The transformation required to achieve the global agendas on sustainable urbanization, climate change, and sustainable development can only occur if development models respond to the actual needs and expectations of local communities. Often, there is a significant gap between global policies and the needs and experiences of municipal governments. Therefore, local democracy plays a key role in creating collective responsibility for global goals. UCLG’s Global Observatory on Local Democracy and Decentralization (GOLD) works to establish a framework for monitoring and reporting on the progress made towards the implementation of the global agendas.
On Friday 14 October, local democracy was the main topic at the #Local4Action Track at UCLG’s World Congress in Daejeon. UCLG and KNOW launched the sixth edition of the GOLD Report (GOLD VI), entitled “Pathways to Urban and Territorial Equality: Addressing inequalities through local transformation strategies.” The aim of this report is to understand the state of urban and territorial inequalities worldwide and to call for a change in local and regional governments’ place in tackling this global challenge. It presents evidence of and solutions to the multiple manifestations of inequalities and their territorial dimensions, while recommending practical and collective action for local and regional governments. Six different pathways to equality help to build strong local alliances between governments, civil society, and other relevant stakeholders.
The International Observatory on Participatory Democracy hosted a session on innovative practices of participatory democracy. According to the organizers, active participation of the population in deliberation and decision-making processes is key to guaranteeing rights and co-creating solutions. A session by the Barcelona Provincial Government showcased how effective and fair multilevel governance can reinforce local democracy to deal with regional and local inequalities. Participants agreed that no sphere of government has the ability to tackle complex crises and achieve the 2030 Agenda and its SDGs on its own.
Cités Unies France (CUF) hosted two events on local democracy, asking how to provide more social inclusion and leave no one behind. This has become a priority during the COVID-19 crisis, where decentralized cooperation, community network meetings, and expressions of solidarity were key to integrating vulnerable groups. Local and regional authorities have demonstrated international solidarity during the pandemic and other major crises, and have coordinated resilient initiatives responding to emergencies and paving the way to recovery. Throughout the sessions, CUF demonstrated how city-to-city partnerships can be an efficient solidarity system.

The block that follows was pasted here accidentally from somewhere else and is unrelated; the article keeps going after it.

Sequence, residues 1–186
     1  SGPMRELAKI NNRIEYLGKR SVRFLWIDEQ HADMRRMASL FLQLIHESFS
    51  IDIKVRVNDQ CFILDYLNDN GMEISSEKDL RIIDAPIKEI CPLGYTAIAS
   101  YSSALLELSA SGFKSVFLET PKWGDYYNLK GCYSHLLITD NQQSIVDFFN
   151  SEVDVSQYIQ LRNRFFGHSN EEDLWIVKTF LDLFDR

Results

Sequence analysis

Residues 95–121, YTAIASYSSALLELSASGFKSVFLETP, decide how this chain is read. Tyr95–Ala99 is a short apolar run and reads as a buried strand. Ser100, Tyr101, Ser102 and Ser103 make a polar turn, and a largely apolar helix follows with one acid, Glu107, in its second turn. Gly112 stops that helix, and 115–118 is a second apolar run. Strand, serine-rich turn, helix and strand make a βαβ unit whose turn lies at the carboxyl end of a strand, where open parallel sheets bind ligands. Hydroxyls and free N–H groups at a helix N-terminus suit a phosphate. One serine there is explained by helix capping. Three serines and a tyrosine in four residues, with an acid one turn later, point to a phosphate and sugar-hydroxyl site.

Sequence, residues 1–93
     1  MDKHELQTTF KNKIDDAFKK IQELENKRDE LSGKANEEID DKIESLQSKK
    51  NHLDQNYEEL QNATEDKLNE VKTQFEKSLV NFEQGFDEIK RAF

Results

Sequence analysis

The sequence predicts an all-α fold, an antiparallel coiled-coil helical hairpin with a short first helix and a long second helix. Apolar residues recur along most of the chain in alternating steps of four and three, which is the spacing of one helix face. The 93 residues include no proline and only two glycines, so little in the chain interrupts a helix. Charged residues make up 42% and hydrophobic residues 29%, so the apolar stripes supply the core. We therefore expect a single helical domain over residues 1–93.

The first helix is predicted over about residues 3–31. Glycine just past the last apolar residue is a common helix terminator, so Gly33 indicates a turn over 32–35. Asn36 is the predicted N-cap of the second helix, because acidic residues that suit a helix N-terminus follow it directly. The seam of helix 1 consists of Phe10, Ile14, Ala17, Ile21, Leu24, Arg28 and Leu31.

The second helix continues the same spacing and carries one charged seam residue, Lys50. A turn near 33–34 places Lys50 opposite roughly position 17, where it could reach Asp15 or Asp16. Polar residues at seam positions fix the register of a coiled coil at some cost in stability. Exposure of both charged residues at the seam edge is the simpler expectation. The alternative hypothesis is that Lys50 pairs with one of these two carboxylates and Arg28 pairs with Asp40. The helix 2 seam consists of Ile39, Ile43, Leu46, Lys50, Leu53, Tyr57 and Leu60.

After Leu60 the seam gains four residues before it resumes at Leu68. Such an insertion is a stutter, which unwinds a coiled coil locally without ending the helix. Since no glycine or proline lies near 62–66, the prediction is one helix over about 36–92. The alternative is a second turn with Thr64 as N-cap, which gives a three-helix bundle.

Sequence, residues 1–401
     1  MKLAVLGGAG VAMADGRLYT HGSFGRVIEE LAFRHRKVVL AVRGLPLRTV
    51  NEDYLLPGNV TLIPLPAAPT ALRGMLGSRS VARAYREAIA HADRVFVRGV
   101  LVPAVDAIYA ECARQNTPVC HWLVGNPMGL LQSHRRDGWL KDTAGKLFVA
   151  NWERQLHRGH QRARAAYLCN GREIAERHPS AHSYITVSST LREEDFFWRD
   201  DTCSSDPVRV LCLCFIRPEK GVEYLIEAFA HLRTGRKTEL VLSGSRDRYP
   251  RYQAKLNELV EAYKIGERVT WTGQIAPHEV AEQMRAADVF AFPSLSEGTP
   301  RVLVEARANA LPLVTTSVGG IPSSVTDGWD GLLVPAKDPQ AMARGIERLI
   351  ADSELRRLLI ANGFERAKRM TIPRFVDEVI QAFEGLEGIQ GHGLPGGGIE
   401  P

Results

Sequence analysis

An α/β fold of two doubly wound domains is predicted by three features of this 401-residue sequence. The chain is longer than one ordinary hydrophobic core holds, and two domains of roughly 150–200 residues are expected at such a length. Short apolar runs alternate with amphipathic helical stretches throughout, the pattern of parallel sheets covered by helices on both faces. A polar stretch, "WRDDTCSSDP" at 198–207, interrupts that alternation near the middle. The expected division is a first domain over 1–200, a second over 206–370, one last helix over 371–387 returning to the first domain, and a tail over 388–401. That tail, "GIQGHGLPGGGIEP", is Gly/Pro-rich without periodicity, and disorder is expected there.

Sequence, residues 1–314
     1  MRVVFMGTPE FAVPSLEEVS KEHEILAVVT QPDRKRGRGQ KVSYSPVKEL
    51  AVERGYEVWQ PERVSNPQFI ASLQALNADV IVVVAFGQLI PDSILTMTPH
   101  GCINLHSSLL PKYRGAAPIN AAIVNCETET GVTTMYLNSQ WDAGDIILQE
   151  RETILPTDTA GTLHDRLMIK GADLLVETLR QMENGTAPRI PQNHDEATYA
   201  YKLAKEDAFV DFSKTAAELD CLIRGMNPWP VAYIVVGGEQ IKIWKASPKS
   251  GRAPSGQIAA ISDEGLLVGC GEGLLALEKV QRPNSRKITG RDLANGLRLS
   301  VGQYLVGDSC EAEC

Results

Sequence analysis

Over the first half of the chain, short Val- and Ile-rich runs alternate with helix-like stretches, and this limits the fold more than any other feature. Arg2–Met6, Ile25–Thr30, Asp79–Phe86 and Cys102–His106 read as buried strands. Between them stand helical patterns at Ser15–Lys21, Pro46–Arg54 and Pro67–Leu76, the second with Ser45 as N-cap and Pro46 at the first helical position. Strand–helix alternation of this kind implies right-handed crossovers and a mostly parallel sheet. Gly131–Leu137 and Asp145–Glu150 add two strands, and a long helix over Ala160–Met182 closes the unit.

Local government action on achieving the 2030 Agenda and SDG 11 requires tools and financing to be successful. The UN SDG Action Campaign presented an overview of tools for local governments, while the Special Envoy to the New Urban Agenda called for more recognition of the role of local and regional governments in working towards meeting the goal and targets of SDG 11. Intermediary cities, which connect urban and rural areas, particularly play a key role for the future of the global agendas.
The Global Fund for Cities Development (FMDV) and UCLG World Secretariat hosted a session on financing sustainable urbanization. Most local and regional governments, especially intermediary cities in the Global South, are facing large financial gaps when it comes to delivering basic services to their communities. UCLG’s strategy on “localizing finances for sustainable urbanization and territorial development” provides an overview of the missing links and shows how to scale up support to achieve more and better financing for local and regional governments. The World Observatory on Subnational Government Finance and Investment also presented compelling research results from its third edition report on subnational government finance, to be published on 24 October 2022.